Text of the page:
Methane Discovery Sheds New Light on World’s Largest Mass Extinction Event

An erupting volcano.

Methane emissions created by volcanic activity burning buried fossil fuel deposits could have played a major role in the global warming that triggered the largest mass extinction event in Earth’s history, a new study suggests. (Image: via Pixabay)

Are the Earth’s Magnetic Poles Truly Flipping?

Photograph of the upper part of the Muldrow Glacier, with Denali in the background.

Muldrow glacier has begun surging and some scientists are warning that this may be due to a change in the earth's magnetic poles. (Image: via NPS)

Mystery Solved: Ocean Acidity in the Last Mass Extinction

A species of foraminifera called Heterohelix globulosa.

A species of foraminifera called Heterohelix globulosa that was picked and isolated from the K-Pg boundary clay at Geulhemmerberg in the Netherlands. Each fossil measures between 150 and 212 microns. (Image: Yale News)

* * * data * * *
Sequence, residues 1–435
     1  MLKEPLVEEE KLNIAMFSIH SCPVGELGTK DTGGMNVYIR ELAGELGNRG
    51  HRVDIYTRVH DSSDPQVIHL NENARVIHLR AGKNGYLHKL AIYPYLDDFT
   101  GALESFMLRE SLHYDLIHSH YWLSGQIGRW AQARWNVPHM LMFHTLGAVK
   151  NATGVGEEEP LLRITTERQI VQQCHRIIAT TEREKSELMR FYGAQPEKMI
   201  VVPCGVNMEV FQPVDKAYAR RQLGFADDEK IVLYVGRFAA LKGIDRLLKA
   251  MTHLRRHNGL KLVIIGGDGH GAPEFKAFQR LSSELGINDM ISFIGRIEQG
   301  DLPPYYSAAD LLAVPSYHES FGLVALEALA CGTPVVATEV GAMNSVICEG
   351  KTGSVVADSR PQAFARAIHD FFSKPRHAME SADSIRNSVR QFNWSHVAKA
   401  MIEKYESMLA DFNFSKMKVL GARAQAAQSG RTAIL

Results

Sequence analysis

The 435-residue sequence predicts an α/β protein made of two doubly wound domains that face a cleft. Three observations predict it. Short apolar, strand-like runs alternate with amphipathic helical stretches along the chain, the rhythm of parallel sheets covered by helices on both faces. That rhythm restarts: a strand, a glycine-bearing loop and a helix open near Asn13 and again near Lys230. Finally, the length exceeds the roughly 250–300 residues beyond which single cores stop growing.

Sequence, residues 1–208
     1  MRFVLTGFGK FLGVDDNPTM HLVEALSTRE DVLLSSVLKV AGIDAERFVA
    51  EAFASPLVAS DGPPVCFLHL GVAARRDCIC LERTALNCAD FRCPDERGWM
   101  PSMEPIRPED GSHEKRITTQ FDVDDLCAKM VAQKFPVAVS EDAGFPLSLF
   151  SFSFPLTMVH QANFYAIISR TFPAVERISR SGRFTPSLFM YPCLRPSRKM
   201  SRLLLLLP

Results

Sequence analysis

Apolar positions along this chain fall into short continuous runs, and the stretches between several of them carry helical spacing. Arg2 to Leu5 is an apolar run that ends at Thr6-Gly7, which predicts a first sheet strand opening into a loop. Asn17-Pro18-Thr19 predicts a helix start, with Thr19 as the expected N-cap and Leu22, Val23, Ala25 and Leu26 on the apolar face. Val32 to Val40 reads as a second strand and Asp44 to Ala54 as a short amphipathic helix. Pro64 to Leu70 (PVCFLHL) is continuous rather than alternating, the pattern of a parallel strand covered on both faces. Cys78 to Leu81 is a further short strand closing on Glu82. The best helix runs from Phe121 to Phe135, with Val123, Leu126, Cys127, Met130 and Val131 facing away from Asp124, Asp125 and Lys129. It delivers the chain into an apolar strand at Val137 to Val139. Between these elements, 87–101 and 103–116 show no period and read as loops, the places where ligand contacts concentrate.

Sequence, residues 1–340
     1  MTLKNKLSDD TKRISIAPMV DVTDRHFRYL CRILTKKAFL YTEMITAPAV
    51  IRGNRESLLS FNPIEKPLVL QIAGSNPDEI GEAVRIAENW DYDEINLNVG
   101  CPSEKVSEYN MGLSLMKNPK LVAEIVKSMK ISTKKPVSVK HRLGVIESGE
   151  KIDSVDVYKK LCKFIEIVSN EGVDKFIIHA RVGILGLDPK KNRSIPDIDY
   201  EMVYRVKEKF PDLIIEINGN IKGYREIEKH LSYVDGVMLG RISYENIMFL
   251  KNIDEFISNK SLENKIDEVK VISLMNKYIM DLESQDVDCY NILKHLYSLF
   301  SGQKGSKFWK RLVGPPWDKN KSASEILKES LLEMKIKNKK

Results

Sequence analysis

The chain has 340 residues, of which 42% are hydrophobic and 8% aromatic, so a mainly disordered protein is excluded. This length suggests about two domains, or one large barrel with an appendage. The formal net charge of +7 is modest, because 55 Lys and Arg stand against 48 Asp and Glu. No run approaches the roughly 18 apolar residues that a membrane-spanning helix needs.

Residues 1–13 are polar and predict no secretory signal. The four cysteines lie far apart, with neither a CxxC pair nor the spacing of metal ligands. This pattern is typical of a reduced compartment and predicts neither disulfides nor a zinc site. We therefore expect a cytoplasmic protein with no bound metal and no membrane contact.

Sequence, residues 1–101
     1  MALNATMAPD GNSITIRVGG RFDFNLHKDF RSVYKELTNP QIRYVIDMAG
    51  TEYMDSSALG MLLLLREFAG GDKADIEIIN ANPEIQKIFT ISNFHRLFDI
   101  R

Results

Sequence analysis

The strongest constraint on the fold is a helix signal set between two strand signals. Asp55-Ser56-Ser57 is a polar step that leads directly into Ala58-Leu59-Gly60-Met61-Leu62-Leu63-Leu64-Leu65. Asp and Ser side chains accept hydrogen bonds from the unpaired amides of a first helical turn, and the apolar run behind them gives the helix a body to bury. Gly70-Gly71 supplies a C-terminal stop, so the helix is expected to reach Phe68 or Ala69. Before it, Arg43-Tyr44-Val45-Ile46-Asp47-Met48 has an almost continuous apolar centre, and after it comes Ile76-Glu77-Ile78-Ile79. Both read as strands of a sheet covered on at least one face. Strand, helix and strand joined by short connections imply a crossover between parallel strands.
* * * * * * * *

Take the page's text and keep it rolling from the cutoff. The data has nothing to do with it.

Stanford-Led Research Shows Huge Die-Off in Ancient Biosphere

A mass extinction killed most life on Earth.

When significant oxygen entered the atmosphere, ancient life multiplied. But after a few hundred million years, Earth’s oxygen plummeted, resulting in a die-off likely greater than the extinction of the dinosaurs. (Image: Malcolm Hodgskiss)

Mass Extinction 252 Million Years Ago: Are We Due for Another One?

A rise in global temperatures.

About 252 million years ago, a rise in global temperatures resulted in one of the biggest mass extinctions in Earth’s history. (Image: via Pixabay)